A total of 22 chronic cough participants were included in the focus group discussions. Saturation, or the point at which no substantially new information continues to emerge, was reached for cough symptoms upon completion of the third focus group, thus three focus groups were conducted . The average age of study participants was 66.1 ± 12.9 years, and 72.7% of the sample was female. Among study participants, all were Caucasian and more than half the sample reported a household income greater than $60,000 per year. The most common etiologies of chronic cough as reported by patients were gastroesophageal reflux disease (GERD) (n = 7), asthma (n = 5), bronchitis (n = 4), and post-nasal drip syndrome (n = 4). Other causes of chronic cough reported by patients included irritant exposure, post-infectious cough, and mild chronic obstructive pulmonary disease (COPD). Most participants (86.7%) reported having completed diagnostic tests for their cough.
Descriptive statistics of the sociodemographic and clinical questionnaire showed that almost all of the participants reported coughing while performing daytime activities and all but three participants reported some coughing while trying to sleep at night. All participants had experienced their cough for greater than 8 weeks, and most of the participants (81.8%) reported experiencing their cough for greater than one year and 31.8% of participants rated their cough severity as "very severe;" 50% rated their cough severity as "moderate;" 13.6% considered their cough to be "mild;" and 4.6% considered their cough to be "very mild." With respect to treatment, most of the participants (n = 17) reported taking prescription medication, while others reported the use of over-the-counter treatments (n = 8) and/or herbal or other home remedies (n = 7).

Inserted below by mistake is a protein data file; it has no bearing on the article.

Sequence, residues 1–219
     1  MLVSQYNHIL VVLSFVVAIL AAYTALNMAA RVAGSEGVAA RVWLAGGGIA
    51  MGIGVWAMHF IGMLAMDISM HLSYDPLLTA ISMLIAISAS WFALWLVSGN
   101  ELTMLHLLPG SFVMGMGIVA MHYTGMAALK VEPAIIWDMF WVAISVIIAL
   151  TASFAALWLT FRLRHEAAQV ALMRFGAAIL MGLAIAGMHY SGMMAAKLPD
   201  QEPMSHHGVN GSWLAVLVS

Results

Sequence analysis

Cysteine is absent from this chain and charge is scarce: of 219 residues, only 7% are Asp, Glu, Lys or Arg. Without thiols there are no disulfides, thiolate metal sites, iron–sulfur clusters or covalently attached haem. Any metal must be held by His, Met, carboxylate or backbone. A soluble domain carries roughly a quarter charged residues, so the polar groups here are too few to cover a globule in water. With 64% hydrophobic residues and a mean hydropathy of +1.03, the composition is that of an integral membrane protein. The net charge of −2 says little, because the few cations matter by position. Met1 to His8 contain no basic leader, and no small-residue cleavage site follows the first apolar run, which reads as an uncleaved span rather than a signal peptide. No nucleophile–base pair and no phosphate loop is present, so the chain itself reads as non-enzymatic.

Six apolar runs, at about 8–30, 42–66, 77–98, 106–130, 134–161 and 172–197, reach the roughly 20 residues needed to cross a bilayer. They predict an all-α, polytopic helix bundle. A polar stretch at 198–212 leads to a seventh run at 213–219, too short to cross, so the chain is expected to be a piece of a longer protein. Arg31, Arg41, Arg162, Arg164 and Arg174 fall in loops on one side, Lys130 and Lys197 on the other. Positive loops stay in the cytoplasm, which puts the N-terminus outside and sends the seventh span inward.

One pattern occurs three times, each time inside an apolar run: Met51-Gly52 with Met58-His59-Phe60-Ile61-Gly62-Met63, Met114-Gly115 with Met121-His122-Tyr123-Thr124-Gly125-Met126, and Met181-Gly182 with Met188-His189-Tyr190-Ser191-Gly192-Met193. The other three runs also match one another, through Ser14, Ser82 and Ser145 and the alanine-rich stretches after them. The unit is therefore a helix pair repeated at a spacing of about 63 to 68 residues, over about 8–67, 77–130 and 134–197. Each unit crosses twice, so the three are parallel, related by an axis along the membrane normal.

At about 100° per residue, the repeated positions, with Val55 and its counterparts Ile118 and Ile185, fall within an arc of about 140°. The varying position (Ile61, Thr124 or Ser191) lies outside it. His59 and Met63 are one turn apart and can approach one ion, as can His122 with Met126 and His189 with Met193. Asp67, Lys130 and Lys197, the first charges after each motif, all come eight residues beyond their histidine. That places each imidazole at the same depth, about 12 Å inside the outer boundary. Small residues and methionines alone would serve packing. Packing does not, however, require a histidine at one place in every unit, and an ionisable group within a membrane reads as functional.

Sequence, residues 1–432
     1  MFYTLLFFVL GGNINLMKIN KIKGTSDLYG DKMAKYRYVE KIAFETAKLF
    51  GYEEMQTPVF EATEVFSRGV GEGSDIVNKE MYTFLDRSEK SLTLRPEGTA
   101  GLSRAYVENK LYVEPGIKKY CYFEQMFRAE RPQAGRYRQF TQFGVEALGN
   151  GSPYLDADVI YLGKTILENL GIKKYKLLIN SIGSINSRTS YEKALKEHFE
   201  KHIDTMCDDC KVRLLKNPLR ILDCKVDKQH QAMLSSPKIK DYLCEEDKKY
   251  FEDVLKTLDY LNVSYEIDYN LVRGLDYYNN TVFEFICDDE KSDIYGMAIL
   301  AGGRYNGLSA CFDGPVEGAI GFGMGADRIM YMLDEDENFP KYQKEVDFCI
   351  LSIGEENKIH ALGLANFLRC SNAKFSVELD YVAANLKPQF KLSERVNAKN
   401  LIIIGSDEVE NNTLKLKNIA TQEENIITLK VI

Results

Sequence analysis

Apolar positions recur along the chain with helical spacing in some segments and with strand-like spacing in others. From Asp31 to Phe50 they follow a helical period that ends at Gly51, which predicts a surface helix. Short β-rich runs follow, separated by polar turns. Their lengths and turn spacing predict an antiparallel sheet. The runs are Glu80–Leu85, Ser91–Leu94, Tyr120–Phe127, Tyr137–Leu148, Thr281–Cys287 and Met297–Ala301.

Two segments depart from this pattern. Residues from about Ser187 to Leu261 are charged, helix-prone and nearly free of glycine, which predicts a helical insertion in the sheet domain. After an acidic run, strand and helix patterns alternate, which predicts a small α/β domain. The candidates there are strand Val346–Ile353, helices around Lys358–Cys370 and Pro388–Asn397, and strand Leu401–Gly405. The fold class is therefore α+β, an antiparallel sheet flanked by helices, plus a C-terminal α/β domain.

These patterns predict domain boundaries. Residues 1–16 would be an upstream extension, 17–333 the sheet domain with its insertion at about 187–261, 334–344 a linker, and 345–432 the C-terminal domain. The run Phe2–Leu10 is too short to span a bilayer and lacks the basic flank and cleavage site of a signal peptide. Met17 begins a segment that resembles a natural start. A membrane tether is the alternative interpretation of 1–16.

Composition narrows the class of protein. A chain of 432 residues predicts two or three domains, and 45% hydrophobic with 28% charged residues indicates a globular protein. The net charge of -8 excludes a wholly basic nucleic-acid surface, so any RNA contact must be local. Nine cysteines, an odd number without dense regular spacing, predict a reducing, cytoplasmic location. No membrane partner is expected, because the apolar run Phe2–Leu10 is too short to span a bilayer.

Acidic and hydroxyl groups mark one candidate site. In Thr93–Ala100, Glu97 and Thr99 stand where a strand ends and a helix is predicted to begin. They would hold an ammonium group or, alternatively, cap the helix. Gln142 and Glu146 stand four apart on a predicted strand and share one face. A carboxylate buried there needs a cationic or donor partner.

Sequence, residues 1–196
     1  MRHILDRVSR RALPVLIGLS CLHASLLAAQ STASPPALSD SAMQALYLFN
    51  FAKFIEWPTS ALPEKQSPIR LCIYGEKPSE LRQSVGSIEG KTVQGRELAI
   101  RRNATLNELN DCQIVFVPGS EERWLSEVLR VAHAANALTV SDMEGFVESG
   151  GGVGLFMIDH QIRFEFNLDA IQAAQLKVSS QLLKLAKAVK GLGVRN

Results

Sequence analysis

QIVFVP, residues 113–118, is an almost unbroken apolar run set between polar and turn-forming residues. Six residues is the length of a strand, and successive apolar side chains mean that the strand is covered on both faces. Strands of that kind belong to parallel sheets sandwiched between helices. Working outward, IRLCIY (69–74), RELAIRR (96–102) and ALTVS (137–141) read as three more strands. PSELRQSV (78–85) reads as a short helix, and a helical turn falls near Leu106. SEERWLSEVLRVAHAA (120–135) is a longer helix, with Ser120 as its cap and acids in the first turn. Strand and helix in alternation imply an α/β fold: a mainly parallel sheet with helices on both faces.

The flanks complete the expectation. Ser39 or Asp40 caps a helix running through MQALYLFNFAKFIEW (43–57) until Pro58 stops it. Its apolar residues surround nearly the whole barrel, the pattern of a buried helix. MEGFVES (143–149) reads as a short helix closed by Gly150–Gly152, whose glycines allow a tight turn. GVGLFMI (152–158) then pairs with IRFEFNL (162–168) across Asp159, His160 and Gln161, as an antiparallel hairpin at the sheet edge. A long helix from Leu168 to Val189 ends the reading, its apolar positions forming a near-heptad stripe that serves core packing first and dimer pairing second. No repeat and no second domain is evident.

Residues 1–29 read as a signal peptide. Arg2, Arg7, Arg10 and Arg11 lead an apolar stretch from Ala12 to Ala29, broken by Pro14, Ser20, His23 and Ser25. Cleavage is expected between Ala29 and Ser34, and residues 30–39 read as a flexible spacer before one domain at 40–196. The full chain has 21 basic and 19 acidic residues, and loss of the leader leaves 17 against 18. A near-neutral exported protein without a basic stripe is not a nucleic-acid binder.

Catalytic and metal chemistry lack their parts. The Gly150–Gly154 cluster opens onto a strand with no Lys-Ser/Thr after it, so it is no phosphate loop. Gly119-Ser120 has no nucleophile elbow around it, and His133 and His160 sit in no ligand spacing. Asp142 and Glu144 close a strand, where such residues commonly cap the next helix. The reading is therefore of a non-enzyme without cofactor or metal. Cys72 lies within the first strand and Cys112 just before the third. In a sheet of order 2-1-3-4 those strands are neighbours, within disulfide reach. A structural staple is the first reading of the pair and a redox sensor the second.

Focus Group Discussion Results